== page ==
AMERICAN SAMOA FIGHTS SEWAGE TREATMENT UPGRADE

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U.S. regulators want costly secondary treatment

PAGO PAGO, American Samoa, (Samoa News, Aug. 3, 2009) - The American Samoa Power Authority has submitted to the U.S. Environmental Protection Agency written comments vehemently opposing the EPA’s tentative denial of ASPA’s permit application that would continue to exempt ASPA’s wastewater treatment plants from secondary treatment.

In a press statement, ASPA explains the wastewater treatment plants in Utulei and Tafuna have operated under permits which allow discharge to be treated by "primary" standards, as opposed to "secondary" standards, that are more costly.

In written comments submitted to U.S. EPA Region 9, ASPA CEO Mike Keyser cites technical, environmental, economical, and public health concerns that the territory would face if the proposal to deny the variances is enforced.

"Make no mistake about it, this would cause a mass exodus of customers connected to the ASPA sewer system, and shortly thereafter, an unmitigated disaster to the water supply," Keyser wrote, adding that ASPA and American Samoa do not have the financial resources to build, maintain or operate secondary treatment systems, or even the technical expertise to operate such facilities.

ASPA says they solicited estimates from two separate consultants for the cost of secondary treatment in American Samoa.

One consultant, GDC, estimates the capital cost at US$52 million, with annual operating expenses of roughly US$3 million.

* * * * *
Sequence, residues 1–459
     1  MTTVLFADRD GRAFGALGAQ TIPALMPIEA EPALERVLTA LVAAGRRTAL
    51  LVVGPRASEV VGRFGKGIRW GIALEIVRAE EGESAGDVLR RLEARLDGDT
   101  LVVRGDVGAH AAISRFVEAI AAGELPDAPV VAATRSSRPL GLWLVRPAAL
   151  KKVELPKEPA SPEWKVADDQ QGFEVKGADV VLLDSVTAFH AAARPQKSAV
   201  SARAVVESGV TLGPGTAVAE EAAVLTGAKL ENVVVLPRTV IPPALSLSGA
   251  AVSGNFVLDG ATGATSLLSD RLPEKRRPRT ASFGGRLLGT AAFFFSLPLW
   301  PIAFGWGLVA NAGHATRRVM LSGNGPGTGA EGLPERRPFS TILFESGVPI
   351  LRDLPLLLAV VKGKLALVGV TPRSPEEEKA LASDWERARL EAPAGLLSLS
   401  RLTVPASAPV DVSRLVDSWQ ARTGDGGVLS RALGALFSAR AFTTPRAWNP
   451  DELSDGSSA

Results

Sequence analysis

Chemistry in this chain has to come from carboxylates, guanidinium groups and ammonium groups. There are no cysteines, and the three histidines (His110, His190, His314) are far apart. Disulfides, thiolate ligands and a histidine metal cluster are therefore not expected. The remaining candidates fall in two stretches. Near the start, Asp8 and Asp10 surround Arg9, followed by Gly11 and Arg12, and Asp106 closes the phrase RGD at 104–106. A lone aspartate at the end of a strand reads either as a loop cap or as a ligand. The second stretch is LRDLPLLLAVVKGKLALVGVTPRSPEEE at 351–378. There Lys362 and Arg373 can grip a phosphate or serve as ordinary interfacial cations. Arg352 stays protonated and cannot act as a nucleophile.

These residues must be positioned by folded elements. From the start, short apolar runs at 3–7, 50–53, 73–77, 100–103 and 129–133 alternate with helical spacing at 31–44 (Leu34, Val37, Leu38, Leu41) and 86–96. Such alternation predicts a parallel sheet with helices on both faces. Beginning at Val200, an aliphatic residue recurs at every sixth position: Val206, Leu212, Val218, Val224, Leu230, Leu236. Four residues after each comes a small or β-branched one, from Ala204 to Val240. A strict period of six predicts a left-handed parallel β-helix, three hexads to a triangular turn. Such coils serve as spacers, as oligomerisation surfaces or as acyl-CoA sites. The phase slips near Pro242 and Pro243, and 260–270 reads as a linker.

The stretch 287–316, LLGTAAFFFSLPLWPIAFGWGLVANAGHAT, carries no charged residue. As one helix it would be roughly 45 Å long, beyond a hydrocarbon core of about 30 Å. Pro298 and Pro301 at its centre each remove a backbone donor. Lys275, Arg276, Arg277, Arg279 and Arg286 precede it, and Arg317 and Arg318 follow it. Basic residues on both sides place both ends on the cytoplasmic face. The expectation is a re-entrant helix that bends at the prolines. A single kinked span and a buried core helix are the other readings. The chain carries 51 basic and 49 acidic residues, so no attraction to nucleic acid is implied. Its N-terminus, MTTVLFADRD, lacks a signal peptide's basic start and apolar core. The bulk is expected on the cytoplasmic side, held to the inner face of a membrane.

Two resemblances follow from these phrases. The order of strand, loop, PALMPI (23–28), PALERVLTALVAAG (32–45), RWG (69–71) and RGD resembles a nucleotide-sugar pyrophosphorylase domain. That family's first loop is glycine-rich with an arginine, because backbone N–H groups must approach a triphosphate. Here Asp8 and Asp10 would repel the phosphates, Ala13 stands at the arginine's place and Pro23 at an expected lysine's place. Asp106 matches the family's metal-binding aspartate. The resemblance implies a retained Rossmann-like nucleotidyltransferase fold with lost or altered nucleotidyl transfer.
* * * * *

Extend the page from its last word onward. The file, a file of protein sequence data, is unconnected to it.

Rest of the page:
Another consultant, Economists.com, projects the capital cost at US$35 million, and found that sewer users would be required to pay US$145.73 per month for sewer service under secondary treatment. Letters from these consultants will also be submitted to the U.S. EPA as part of ASPA’s comment submissions.

In secondary treatment, wastewater that has undergone primary treatment receives additional treatment through biological and chemical processes in order to remove most of the organic matter from the wastewater.

In addition to the economic concerns, Keyser said that diversion of the "meager available resources" to provide secondary treatment "will clearly and undoubtedly have a detrimental effect on public health."

"ASPA would be forced to divert all attention and existing resources away from the unsewered homes and cesspools throughout the island that impact the drinking water," wrote Keyser. "These homes should be first addressed before secondary treatment is even considered. Diversion of any available resources from such efforts will degrade rather than enhance the public health of the population."

During the development of the original waiver, ASPA and the American Samoa Government, including the American Samoa EPA, worked cooperatively with USEPA to resolve issues and make rational decisions concerning the wastewater treatment needs of American Samoa, according to ASPA.

Keyser said he hopes the current USEPA administration likewise will take a proactive cooperative approach because secondary treatment is not a solution in the best interest of American Samoa -- its people or its environment.

He says, "overall, the USEPA decision is entirely based on relatively innocuous technical violations of American Samoa Water Quality Standards, most of which are not attributable to the discharges at all."

"In fact, the USEPA decision is a policy decision, rather than based on solid scientific rational. Our reading of the relevant statute and regulations leads us to conclude that the 301(h) waiver is a discretionary function of the USEPA Regional Administrator," wrote Keyser. "Because the evidence does not clearly or conclusively point to a valid justification to deny the waiver request, U.S. EPA’s decision to deny the waiver is arbitrary and poorly supported."

A hearing on the tentative denial has been set for Wednesday, August 6 at the Tradewinds Hotel, Naumati Conference Room 2.

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